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S-nitrosylation mediated signalling during the response to different stresses:A proteomic-based approach for functional characterization of leaf peroxisome S-nitrosylatied proteins

Final Report Summary - NO Signal (S-nitrosylation mediated signalling during the response to different stresses: A proteomic-based approach?)

Peroxisomes are organelles that have an essentially oxidative type of metabolism (Huang et al. 1983; Fahimi and Sies 1987; Baker and Graham 2002) and the important role of plant peroxisomes in a variety of metabolic reactions such as photorespiration, fatty acid ß-oxidation and the glyoxylate cycle is well known (del Rio et al., 2009). Peroxisomes are also essential in plant responses to abiotic and biotic stresses (Romero-Puertas et al., 1999; Koh et al., 2005) increasing even their population during different stress conditions such as xenobiotics, ozone, cadmium, H2O2 and light (del Rio et al., 2009).

In the last two decades, in plant peroxisomes it has been shown the production of reactive oxygen species (ROS) such as, hydrogen peroxide (H2O2) and radical superoxide (O2.-) as a consequence of their normal metabolism (see del Río et al., 2009). In addition, a complex battery of antioxidative systems has been described, including catalase (CAT), superoxide dismutases (SODs; see del Río et al. 2002a) and the ascorbate-glutahione cycle (Jiménez et al. 1997; Mittova et al 2004; Kuzniak and Sklodowska, 2005; Romero-Puertas et al 2006). Recently, the existence of an L-arginine-dependent nitric oxide synthase (NOS) and the presence of nitric oxide (NO) in plant peroxisomes have been shown as well (Barroso et al 1999; Corpas et al 2004). In plants, NO is a key signalling molecule involved in several physiological processes from development to defence responses to both, biotic and abiotic stress (Delledonne 2005).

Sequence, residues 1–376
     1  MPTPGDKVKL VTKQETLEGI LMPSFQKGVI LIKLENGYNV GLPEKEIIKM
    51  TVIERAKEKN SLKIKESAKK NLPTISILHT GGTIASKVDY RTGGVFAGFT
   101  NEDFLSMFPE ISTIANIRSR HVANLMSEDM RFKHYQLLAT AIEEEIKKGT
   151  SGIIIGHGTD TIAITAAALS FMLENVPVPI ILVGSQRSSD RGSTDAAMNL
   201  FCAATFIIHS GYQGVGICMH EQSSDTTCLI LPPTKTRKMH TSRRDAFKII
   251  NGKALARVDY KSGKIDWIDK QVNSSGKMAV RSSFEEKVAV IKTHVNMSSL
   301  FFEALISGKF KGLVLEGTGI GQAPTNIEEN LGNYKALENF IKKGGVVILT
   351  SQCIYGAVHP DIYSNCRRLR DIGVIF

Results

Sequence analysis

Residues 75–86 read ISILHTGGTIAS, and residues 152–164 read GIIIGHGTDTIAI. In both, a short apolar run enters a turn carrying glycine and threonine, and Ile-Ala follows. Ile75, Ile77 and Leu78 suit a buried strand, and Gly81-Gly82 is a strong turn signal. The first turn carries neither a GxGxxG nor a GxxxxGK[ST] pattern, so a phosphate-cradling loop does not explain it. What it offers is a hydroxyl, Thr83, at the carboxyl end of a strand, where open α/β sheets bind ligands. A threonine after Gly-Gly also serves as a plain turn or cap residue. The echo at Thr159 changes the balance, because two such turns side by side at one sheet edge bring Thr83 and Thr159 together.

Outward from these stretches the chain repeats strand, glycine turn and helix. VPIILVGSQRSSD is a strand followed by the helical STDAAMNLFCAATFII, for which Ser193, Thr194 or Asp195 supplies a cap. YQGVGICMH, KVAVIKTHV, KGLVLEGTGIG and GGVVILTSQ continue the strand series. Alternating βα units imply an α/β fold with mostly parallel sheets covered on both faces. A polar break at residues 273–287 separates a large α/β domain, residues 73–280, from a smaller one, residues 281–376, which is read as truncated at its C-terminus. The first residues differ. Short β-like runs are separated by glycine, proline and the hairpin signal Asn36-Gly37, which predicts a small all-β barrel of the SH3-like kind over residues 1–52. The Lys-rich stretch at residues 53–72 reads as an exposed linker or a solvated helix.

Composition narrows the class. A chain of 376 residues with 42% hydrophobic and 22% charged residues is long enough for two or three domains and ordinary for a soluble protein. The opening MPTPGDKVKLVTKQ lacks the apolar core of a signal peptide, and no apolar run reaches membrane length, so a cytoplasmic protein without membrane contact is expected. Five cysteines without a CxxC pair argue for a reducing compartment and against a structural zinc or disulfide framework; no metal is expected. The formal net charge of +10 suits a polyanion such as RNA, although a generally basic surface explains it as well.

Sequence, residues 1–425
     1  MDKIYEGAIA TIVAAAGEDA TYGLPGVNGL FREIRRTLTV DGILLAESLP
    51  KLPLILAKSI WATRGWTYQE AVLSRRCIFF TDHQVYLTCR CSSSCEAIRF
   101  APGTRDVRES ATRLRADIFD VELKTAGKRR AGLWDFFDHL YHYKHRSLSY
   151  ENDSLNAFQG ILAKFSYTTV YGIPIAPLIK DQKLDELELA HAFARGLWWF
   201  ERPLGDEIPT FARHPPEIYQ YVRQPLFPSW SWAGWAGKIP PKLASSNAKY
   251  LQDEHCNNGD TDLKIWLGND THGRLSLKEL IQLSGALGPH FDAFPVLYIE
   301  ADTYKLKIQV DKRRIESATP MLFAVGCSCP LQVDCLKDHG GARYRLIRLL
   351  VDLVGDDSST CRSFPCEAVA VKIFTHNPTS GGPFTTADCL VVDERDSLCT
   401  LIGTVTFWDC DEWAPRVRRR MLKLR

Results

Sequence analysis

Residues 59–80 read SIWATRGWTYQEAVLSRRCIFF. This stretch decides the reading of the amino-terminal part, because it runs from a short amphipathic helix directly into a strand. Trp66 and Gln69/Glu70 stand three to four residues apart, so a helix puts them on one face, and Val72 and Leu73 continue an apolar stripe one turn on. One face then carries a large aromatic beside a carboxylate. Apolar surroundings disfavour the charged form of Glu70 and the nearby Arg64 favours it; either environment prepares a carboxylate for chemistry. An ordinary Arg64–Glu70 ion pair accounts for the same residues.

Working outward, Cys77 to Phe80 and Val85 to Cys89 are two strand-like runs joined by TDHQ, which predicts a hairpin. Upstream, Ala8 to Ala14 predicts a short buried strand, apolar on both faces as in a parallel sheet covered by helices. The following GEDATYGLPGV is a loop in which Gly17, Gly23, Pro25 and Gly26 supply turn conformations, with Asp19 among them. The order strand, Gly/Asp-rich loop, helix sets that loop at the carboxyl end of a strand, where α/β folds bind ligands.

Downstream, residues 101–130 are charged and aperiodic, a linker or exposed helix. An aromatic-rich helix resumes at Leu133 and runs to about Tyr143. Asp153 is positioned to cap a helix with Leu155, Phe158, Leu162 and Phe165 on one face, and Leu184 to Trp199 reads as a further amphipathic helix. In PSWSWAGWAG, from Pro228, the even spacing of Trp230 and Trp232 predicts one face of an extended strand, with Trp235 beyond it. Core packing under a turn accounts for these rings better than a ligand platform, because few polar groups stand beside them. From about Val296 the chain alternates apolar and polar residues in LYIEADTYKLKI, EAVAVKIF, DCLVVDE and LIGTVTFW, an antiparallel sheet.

The occurrence of NO in peroxisomes adds new cellular functions to these organelles related to oxygen and nitrogen reactive species (ROS/RNS). No function for NO in peroxisomes, however, has been described so far. The way by which NO devise the plethora of physiological functions where it is involved is still largely unknown. For a long time in animal tissues and very recently in vegetal tissues it has been shown that NO regulates diverse biologic processes by directly modifying proteins. Actually, NO and RNS can oxidize, nitrate or nitrosylate proteins. S-nitrosylation refers to the binding of a NO group to a cysteine residue and it plays a significant role in NO-mediated signalling (Stamler, et al., 2001). Very recent evidences suggest that many proteins are S-nitrosylated in plants under physiological or stress conditions (Lindermayr et al., 2005; Romero-Puertas et al.,2008), and the first insights into the SNO-dependent regulation of protein function has been obtained (Lindermayret al., 2006; Romero-Puertas et al., 2007; Wang et al., 2009).